Shelby Brantley

Chemistry and Biochemistry

Faculty Advisor: Steven Corcelli

Understanding the Dynamics of Solid-Electrolyte Interphase in Sodium Ion Batteries with Fluoroethylene Additive

A primary limitation of rechargeable batteries is the build-up of the solid electrolyte interface (or interphase, SEI) on the electrode surface. The formation of the SEI causes irreversible capacity, cycle lifetime, and rate capacity restraints for sodium batteries. Additives, such as fluoroethylene (FEC), can reduce or even eliminate the side reactions that cause the SEI, however, they have been used sparingly due to the lack of fundamental understanding of the mechanisms that produce the SEI. In collaboration with the Krummel group at Colorado State University, my goal is to use a combination of molecular dynamic simulations and 2D IR data are used to gain a fundamental understanding of liquid electrolyte solutions.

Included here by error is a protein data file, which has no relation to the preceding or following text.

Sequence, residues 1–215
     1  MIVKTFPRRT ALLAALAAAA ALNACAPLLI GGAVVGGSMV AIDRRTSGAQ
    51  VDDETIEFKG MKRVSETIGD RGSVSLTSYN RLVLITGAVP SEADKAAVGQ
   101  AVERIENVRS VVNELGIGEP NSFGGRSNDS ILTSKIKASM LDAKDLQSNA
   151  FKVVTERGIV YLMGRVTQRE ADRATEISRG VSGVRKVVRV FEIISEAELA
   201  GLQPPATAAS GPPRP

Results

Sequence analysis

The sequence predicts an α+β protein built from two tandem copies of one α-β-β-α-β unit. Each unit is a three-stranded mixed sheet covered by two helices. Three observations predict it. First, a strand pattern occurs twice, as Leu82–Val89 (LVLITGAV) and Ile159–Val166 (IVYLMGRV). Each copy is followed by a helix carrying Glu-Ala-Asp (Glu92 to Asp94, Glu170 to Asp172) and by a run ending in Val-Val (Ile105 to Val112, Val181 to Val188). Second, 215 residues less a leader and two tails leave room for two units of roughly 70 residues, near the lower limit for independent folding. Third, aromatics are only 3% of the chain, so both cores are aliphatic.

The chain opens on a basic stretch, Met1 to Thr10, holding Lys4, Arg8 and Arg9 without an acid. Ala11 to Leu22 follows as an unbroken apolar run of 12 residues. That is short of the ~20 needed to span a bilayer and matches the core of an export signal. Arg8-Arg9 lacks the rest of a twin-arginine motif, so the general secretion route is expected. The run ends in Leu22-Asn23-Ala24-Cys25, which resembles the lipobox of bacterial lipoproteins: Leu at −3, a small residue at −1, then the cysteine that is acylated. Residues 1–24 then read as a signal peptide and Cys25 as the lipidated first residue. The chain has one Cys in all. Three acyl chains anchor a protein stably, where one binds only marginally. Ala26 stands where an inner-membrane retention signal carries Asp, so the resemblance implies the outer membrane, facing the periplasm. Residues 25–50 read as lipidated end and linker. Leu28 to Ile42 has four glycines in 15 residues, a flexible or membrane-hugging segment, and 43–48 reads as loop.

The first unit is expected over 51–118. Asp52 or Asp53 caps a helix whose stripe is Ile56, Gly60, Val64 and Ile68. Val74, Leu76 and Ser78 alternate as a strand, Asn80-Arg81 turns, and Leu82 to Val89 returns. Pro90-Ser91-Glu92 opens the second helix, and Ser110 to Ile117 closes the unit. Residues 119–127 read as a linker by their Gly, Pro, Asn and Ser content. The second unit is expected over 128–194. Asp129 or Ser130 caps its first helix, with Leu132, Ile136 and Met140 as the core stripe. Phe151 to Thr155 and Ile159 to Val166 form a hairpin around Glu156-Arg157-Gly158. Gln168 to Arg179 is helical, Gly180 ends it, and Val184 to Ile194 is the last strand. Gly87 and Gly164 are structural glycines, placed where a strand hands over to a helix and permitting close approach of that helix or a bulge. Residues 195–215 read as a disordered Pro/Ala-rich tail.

Liquid electrolyte solutions of dimethyl carbonate, ethyl carbonate, ethylene carbonate, and fluoroethylene carbonate are experimentally studied by adding methyl thiocyanate as a probe and identical solutions are simulated using the polarizable force field, AMOEBA. Using correlation functions, the dynamics of the solutions can be evaluated on a molecular level using molecular dynamics and related to the 2D IR data for validation and interpretation. Electric field correlation functions provide information regarding the whole solution dynamics by calculating the electric field on the nitrogen of the probe and directly relate to the center line slope. Further evaluation using rotational correlation functions for each solvent molecule provides data indicating which solution component is contributing to the changing the solution dynamics measured by the probe. Using cylindrical distribution functions, the solvent shell can be visualized to determine which solution components are in the solvation shell of the probe. Combining all of the information, a better understanding is formed of which components are contributing to the changing dynamics of the electrolyte solution, and therefore, a more fundamental understanding of how the additive, FEC, changes the dynamics of the liquid electrolyte solution is developed. This can be further built on to understand what decomposition reactions are present and how the dynamics of the solution effect these mechanisms.